A current element of length ds at a point 0 carrying a current i produces a magnetic field of strength ids sin at a point P, where r=OP and 0 is the angle between the current element and OP. The direction of this field is perpendicular to the plane con taining ds and OP. The force on a current element in a magnetic field of strength H is equal to Hids sin where 4) is the angle between ds and H. This force is perpendicular to H and ds. Am pere assumed that the force between two current elements is along the line joining them. This assumption is not now believed to be correct, but his theory nevertheless gave correct results for the force exerted by one circuit on another. Ampere called the theory of the mutual action of currents electrodynamics.

Thermoelectricity and Ohm's Law.

In 1822, Seebeck (177o-1831) of Berlin discovered that a current is produced in a circuit of two metals when one of the junctions is made hotter than the other one. This discovery initiated the branch of elec tricity known as thermoelectricity. In 1834 Peltier (1785-1845) discovered that, when a current is passed across a junction between two metals, heat is absorbed when the current is in one direction and evolved when it is in the other direction.

In 1826 Georg Simon Ohm (1787-1854) published a paper on the flow of electricity through conducting wires in which a result since known as Ohm's Law was established. Ohm argued that the flow of electricity along a wire was analogous to the flow of heat along a rod, one end of which was hotter than the other. The quantity of heat flowing per second is proportional to the difference of temperature, so Ohm suggested that there must be an electrical quantity, analogous to temperature, concerned. He showed that this quantity, which he called electroscopic force, increases by equal increments on passing from one copper plate of a Voltaic pile to the next. This shows that Ohm's electroscopic force is the same thing as electrostatic potential difference. Ohm showed that the current through a wire is equal to the electroscopic force act ing on the wire multiplied by a constant. This constant is now called the conductivity of the wire and its reciprocal the resistance. The resistance is proportional to the length and varies inversely as the cross section of the wire. The resistance of a wire of unit length and unit cross section is called the specific resistance of the material of the wire.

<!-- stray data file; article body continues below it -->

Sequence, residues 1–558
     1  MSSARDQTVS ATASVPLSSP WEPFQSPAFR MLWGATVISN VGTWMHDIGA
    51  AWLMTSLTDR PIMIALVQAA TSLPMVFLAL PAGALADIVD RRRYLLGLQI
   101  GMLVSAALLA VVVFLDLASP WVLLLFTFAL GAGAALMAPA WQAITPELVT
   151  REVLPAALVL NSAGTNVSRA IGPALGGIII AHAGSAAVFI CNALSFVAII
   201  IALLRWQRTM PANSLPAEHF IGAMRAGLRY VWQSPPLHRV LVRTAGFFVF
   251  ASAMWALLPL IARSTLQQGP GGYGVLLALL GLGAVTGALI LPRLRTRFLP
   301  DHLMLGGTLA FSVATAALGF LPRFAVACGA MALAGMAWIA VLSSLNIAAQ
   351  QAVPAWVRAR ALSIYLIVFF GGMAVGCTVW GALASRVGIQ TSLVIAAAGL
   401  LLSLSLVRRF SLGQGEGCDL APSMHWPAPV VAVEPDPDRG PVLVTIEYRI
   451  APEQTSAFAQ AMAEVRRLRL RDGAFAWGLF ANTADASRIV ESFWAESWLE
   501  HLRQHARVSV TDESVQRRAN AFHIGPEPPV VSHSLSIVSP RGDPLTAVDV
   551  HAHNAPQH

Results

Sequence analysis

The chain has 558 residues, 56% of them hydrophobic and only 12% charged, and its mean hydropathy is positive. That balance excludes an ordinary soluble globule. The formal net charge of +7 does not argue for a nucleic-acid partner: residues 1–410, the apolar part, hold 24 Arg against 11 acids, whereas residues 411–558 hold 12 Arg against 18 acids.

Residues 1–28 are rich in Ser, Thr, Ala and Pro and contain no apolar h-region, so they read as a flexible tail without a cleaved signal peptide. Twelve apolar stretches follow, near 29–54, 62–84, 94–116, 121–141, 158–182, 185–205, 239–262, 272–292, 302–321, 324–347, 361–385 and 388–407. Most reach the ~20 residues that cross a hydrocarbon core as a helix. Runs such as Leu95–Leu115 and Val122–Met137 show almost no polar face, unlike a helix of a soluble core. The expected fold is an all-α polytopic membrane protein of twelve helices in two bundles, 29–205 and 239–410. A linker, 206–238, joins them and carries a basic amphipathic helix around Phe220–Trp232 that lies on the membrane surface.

Electromagnetic Induction of Currents.

Soon after Oer sted's discovery of the magnetic field of currents Faraday began an investigation of the subject. It occurred to him that an effect analogous to electrostatic induction of charges on conductors might be produced by currents, i.e., a current flowing in a circuit might induce a current in another circuit near it. Oersted's discovery shows that a current excites a field in the surrounding space which might be expected to produce effects on bodies in it. In 1831, Far aday found that, when a current is started in a coil of wire, a momentary current is induced in another near-by coil. When the primary current is stopped, an induced current is again obtained but in the opposite direction. He showed that the effect is due to the magnetic field of the primary current, and that the induced current in any circuit is proportional to the rate of change of the number of unit tubes of magnetic force passing through the cir cuit. He mounted a copper disc between the poles of a magnet, so that the tubes of force passed through the disc. The axle of the disc and a point on its circumference were connected by sliding contacts to wires leading to a galvanometer, and, when the disc was made to rotate with uniform velocity, the galvanometer indi cated a steady current. This apparatus was the first dynamo, or electric generator, and all the generators now used for the produc tion of currents for technical purposes work on the same principle.